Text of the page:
How to Watch Television with Your Grandchildren


This article originally appeared in Issue# 45

To older people the world we thought we knew seems to be continually disappearing and electronic media are a large part of the new vistas that continually emerge. In contrast to the relative simplicity of our own childhood, many of us view the media playthings surrounding our grandchildren with awe. VCR cassettes are a long way from crystal radio sets with earphones!

Even more astonishing is our grandchildren's facility with today's hardware and software. My four-year-old grandniece cannot yet read or print her name. But she finds the program listing for Muppet Babies with no difficulty and uses the VCR without a moment's hesitation.

Like many others my age, I have mixed feelings about the proliferation of media in my grandchildren's lives. On the one hand, I burst with pride, admiration and even envy when I see how easily they master the equipment. At the same time I join many other grandparents (and parents as well) in questioning the impact of so much media on their growth and development.

As we remember the limited playthings of a simpler time, we are more inclined to question the "packaged" options marketed for today's children. I wonder, for example, about the value of my grandson's intense concentration for hours at a time on a computerized video game. I can't help contrasting his motionless absorption in the screen with the active, creative self-initiated hours of my own childhood play.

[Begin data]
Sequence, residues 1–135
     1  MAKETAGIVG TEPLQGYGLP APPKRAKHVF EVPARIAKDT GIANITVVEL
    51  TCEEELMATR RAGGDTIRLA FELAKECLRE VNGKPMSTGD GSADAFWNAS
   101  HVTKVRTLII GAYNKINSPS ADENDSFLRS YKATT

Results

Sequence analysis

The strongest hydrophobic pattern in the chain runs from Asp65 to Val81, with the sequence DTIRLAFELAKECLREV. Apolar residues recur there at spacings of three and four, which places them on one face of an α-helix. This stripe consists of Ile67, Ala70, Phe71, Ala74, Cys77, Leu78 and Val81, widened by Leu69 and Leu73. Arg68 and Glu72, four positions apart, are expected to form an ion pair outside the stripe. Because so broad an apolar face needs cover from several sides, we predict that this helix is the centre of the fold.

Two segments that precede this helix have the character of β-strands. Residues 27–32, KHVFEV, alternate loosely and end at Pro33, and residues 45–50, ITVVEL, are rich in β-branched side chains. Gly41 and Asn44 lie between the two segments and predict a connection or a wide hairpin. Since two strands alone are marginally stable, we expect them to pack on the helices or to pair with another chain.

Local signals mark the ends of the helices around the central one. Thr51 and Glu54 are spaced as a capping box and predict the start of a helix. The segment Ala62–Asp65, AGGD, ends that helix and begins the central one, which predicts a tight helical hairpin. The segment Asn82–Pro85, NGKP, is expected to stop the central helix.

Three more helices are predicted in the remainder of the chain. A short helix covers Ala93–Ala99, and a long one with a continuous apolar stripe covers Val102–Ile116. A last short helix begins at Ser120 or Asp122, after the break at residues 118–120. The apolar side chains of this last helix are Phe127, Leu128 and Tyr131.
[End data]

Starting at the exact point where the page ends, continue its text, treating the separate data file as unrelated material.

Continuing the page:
To me and many of my age group, much of what children hear and see on television and experience with media seems so frenetic and loud! But deeper than that, I worry about the commercialism of so much of today's popular culture, the easy violence of too many plots and, yes, the suggestive words and actions that children quickly imitate long before they can possibly experience the depth of human sexuality

Try These Tips


    • Fully express your admiration for your grandchildren's media knowledge and expertise.
    • Show interest in each child's favorite shows and watch them with him or her.
    • Ask well-directed questions to learn what needs and preferences are satisfied by each program. For example: "Do you believe something like that could happen in real life?" "Tell me in your own words what happened" "Can you make up another ending?" Encourage the child to do most of the talking.
    • If a program or an incident in a program seems inappropriate, state what you disagree with and why. Get feedback from the child and discuss this seriously without arguing. Be clear about your values if they differ from values or behavior on TV, in music, etc.
    • Be observant for children having problems with media, e.g., TV-influenced nightmares, violent play, unrealistic demands for advertised toys or food. Work with parents to control the child's media diet; support viewing guidelines when the children are with you.
    • Suggest excursions based on TV themes or provide other supplemental material (books, videos, games) that can expand the TV viewing experience.

Author Bio: 

Ellen DeFranco is a retired teacher and the author of TV: On/Off: Better Family Use of Television.